Ponies, ponies, ponies
Cecil Aldin (1870-
Aldin was a keen drawer from an early age: from the windows of his nursery in the family’s house in Kensington, he would sketch the horses he saw. He studied art at the National Art Training College, which became the Royal College of Art, and was a pupil of Frank F Calderon, who specialised in animal art (and who later taught Lionel Edwards and Lucy Kemp-
Aldin acquired his first horse, an elderly grey polo pony called Sweetheart, in exchange for a portrait of the owner’s son, mounted on a donkey. Aldin was married and living in Chiswick at that point, and in theory had nowhere to keep the horse. He did, however, have a bicycle shed in his garden, and this was rapidly extended for Sweetheart. Aldin would hack out from Chiswick to hunt, and after he acquired another hunter, 17hh Daddy, in another picture exchange, he started work as hunting correspondent for Land and Water Illustrated. In 1914, Aldin became MFH for the South Berks Hunt with Eric Palmer.
When the First World War broke out, Aldin, too old for active service, was made a purchasing officer, and was in charge of a Remount Depot. The Army needed an enormous amount of horses, and they were bought from all walks of life -
Although Aldin did not see active service, his son Dudley did. He was killed at Vimy Ridge in 1916, aged nineteen.
Aldin had continued hunting the South Berks until 1919, but then struck off in a more unusual direction, becoming joint Master of a pack of bassets. They were, Aldin’s biographer Roy Heron said, “sedate afternoons, as the pack was hardly noted for its swiftness, and the joint Masters, Aldin and C H Carter, were themselves well into middle age.... Rarely did the bassets effect a kill, their outings generally providing nothing more than exercise for the hounds and their followers.” One of the bassets, Champion Merryman, was so heavy (and valuable) he had a specially appointed follower each hunt to heave him out of ditches.
Although Aldin only illustrated two pony books for children, he had a more lasting affect on children’s experiences with ponies. When his grandchildren complained that all the shows they went to only had a few classes for children, Aldin organised his own show, exclusively for children, on Exmoor. There were 14 classes, some of which had over 30 entrants. The show was a roaring success, and Aldin was asked to organise another. The next took place at Dunster Castle, and was an even larger affair, attracting entrants from all over England. The Dunster Show had a course designed by Captain “Chips” Russell Wood, and a Handy Hunter competition, which became the forerunner of today’s working hunter classes.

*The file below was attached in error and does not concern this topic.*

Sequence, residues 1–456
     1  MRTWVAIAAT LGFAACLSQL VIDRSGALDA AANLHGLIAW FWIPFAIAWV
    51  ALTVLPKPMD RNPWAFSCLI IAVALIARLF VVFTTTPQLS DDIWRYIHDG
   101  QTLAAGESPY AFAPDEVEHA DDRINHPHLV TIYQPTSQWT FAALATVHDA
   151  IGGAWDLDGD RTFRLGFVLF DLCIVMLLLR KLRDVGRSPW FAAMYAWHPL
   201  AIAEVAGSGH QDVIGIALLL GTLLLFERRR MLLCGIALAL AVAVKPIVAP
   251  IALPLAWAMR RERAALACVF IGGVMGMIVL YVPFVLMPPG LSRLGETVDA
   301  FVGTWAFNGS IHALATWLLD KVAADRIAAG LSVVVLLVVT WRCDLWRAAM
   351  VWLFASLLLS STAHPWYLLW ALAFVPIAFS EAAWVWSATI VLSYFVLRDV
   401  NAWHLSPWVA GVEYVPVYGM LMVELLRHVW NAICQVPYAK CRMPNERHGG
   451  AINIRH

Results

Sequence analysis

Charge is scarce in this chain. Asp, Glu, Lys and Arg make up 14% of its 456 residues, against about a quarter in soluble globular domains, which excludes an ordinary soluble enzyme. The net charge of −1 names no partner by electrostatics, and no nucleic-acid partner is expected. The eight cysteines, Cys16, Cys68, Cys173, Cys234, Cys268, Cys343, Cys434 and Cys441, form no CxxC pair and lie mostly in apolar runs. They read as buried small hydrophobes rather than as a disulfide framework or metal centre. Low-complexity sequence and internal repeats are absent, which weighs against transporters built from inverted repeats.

Cecil Aldin had a long-
Towards the end of his life, Aldin suffered acutely from arthritis, and his work rate slowed down. Many of his books used drawings he already had, although he continued to produce original work right to the end of his life. He was recommended by his doctor to try living in a warmer climate, and so he and his wife moved to Majorca with their five dogs -
Finding the books: first editions of the Jerry books with dustjackets can be pricey. Both books were reprinted many times; The Joker and Jerry with a different, non-
Links and sources
Roy Heron -
An article on Cecil Aldin, concentrating on his dog pictures.
Vulpes Libris’ excellent blog post on Cecil Aldin
Stella & Rose’s article on Cecil Aldin
A picture of the artist
Cecil Aldin: Time I Was Dead -
Equine non fiction written by Cecil Aldin
Ratcatcher to Scarlet
Scarlet to MFH
Eyre & Spottiswoode, 1933
H F & G Witherby, 1935
Equine Titles illustrated by Cecil Aldin
R S Surtees: Jorrocks on ‘unting
R S Surtees: Handley Cross
Edward Arnold, 1912
Svend Fleuron: Wild Horses of Iceland
Eyre & Spottiswoode, 1933
Horse and pony stories illustrated by Cecil Aldin
Anna Sewell: Black Beauty
Eleanor Helme & Nance Paul: Jerry, the Story of an Exmoor Pony
Eyre & Spottiswoode, London, 1930
Eleanor Helme & Nance Paul: The Joker and Jerry
Eyre & Spottiswoode, London, 193
(later reprinted under the confusing title The Joker and Jerry Again, with a non-